Sunday, April 14, 2013

A Few Early Sunday Morning Random Thoughts

At times I find myself talking and thinking about addiction as an actual thing not as a condition or disease. I think of it in a first person sense. It's almost as if I allow it to become the person. I allow myself to give over a person to a condition and that makes the person less of a person and elevates a disease to more.

I am guilty of allowing addiction to define my son. I am the worst offender. There was a time I interchanged "my son" and "my addict". That was not meant as being disrespectful it was just a statement of fact or condition at the time.

When was the last time we heard a parent refer to their child with cancer or diabetes as their cancer kid or their diabetic?

Changing subject, suboxone or methadone is controversial even in the recovery community. How many of you have heard someone say, "If they are using suboxone then they aren't really clean"? Many times we think of suboxone or other treatments even 12 step programs as something addicts should or could be weaned from after a period of time. Yep, guilty here of these thoughts too. But yet, I would never ask a parent or think that a child with diabetes should be weaned off of insulin. I would never think of an adult diabetic as weak because they still treat their disease with another chemical. When someone has heart disease do we chastise them when they eat healthy and exercise? "Oh it's OK, you haven't had an "episode" for years, why don't you just give up that healthy lifestyle? This health kick is like a religion to you." It's not our place to judge. What works for one my not be the best for all. What works is what works.

Final thoughts, we had a mini-Alex spend the night with us last night. Friday night we had Brooke and Owen, last night we had Tyler. A weekend of grandkids. Great visits but I know why women's baby makers shut down at a certain age. Raising babies when you are in your mid-fifties seems a lot harder then when you are in your 20's and early 30's. But, I wouldn't trade the smiles and non-stop activity for anything in the world. Tyler is a mini-Alex. His mannerisms are just like Alex when he was that age. He is very inquisitive and a boy that loves being loved. Like wanting to sit right next to you when watching a movie or grabbing your finger and taking you to the door when he wants to play outside on the swing set.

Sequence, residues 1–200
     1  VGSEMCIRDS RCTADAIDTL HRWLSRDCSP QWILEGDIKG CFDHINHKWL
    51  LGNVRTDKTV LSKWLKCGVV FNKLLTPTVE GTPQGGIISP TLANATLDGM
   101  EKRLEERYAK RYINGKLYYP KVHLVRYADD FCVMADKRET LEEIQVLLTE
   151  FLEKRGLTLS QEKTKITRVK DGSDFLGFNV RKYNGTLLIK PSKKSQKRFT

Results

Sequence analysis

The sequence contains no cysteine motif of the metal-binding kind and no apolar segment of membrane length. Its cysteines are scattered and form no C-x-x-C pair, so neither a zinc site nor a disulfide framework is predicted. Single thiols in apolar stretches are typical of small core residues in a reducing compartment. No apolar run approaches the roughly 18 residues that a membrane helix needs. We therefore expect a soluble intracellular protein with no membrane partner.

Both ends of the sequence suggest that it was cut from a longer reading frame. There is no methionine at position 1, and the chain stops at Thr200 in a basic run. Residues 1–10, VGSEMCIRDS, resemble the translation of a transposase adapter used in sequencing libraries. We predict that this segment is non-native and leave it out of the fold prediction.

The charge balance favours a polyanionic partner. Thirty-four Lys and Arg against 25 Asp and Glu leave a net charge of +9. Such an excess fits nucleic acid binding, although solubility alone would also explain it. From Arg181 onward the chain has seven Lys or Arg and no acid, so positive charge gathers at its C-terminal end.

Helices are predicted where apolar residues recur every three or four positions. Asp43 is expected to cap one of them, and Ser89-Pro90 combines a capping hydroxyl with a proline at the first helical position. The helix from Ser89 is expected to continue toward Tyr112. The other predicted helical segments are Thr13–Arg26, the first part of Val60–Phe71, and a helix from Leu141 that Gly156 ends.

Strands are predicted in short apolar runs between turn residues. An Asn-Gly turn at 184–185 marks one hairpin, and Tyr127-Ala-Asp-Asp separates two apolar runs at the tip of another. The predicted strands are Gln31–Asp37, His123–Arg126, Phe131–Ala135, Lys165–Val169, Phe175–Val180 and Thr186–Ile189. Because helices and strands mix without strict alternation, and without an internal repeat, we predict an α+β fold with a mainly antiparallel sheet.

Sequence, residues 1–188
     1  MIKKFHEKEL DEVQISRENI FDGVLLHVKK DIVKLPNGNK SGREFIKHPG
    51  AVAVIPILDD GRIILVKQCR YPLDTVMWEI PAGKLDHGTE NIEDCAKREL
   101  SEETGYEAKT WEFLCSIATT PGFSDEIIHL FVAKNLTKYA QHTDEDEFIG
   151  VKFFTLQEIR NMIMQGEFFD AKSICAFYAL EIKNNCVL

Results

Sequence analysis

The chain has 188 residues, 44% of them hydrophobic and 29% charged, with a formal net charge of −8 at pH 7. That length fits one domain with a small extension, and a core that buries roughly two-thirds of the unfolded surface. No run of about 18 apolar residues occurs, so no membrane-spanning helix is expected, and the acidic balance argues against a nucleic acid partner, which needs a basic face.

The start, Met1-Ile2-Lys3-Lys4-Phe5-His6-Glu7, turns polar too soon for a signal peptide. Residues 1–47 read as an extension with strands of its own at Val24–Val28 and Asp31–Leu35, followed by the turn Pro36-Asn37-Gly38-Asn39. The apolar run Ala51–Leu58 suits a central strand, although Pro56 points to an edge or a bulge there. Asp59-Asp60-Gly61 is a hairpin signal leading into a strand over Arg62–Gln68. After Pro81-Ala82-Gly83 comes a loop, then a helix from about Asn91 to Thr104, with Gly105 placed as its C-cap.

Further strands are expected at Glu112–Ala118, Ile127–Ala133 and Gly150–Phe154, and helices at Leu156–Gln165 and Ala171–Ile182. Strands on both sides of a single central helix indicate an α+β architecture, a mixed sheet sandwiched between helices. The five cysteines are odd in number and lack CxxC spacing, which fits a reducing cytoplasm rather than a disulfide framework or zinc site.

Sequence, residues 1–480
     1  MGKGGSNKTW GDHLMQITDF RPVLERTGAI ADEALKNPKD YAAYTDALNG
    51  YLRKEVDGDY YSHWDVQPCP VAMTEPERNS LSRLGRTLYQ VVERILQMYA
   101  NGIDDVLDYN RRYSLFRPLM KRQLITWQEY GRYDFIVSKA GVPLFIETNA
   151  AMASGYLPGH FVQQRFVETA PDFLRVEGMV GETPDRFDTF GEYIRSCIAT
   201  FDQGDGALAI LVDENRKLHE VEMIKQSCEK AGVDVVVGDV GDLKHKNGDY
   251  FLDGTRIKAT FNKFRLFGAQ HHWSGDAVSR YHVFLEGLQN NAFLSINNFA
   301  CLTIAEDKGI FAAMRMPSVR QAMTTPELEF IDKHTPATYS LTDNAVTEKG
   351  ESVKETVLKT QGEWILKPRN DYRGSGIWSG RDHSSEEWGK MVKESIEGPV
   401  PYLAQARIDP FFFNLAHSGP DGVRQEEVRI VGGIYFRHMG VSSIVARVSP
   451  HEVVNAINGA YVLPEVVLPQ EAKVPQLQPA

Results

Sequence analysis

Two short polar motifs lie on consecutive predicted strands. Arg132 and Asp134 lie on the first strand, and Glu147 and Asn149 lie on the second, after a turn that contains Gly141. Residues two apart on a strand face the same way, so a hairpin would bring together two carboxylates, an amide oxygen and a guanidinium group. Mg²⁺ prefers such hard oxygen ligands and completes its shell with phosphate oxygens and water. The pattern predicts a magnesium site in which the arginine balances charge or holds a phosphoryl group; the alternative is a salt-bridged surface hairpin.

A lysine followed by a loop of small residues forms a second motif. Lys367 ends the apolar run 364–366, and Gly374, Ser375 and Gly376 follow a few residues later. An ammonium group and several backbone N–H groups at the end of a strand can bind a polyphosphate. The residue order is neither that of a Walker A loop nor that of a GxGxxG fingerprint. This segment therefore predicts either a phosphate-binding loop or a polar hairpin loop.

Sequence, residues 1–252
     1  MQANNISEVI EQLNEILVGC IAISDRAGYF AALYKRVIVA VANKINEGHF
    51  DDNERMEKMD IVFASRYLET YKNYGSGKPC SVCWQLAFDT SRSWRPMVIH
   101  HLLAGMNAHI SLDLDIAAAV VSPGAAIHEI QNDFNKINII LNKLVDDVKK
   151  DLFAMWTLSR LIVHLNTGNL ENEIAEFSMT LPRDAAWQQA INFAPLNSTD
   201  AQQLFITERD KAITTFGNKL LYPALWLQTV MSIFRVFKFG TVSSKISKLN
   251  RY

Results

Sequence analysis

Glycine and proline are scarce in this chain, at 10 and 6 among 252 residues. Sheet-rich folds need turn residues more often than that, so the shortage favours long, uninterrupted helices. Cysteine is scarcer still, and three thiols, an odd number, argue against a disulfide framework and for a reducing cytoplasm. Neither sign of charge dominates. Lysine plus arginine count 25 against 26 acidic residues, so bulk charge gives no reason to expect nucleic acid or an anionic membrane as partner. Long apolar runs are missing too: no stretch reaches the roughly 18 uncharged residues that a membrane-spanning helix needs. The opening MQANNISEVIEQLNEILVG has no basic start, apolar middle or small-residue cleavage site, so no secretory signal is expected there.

Here is mom getting camera happy while Ty and I were chilling and watching the movie Brave last night. Alex would sit just like this while he watched Bambi, his favorite movie at that age.


DDD said...

"It's not our place to judge. What works for one my not be the best for all. What works is what works."


Sounds like you had a great weekend with your grandchildren! That's wonderful!

♥●• İzdihër •●♥ said...

Your posts are always inspiring.

v. paulson said...

Enjoy those grandbabies!They sure can keep you busy! I too have been guilty of referring to my son as the addict. It helps explain the reason why I am raising my granddaughter at the age of 51. I find it also opens the door and people start telling you their story of a loved one who also suffers from drug abuse.Unfortunately,this is a wide spread disease.There are no easy answers.

Barbara said...

This photo is awesome! I love that he's sitting like that, he looks like a little man. You are really blessed!

Thanks for what you said here about addiction and especially about Suboxone. My son is using it and I am glad because its the only time he's been able to not use in all these years. If it keeps him off heroin, then I don't care what anyone says. He will eventually b slowly withdrawn off it under his doctor's care. Until then I think it gave him his life back.

Anonymous said...

Adorable picture, great post!

Anonymous said...

You can't know how timely, and just how helpful reading this post was. Thank you!

SOBERBOOK said... is a safe, anonymous place where ALL people can tell their stories without having to attach a name or face to the words. It is here that you will see chapters about finding recovery, overcoming obstacles, mending relationships, achieving happiness, following dreams, and much more. The goal for is to create a community of support, camaraderie, and hope for the future.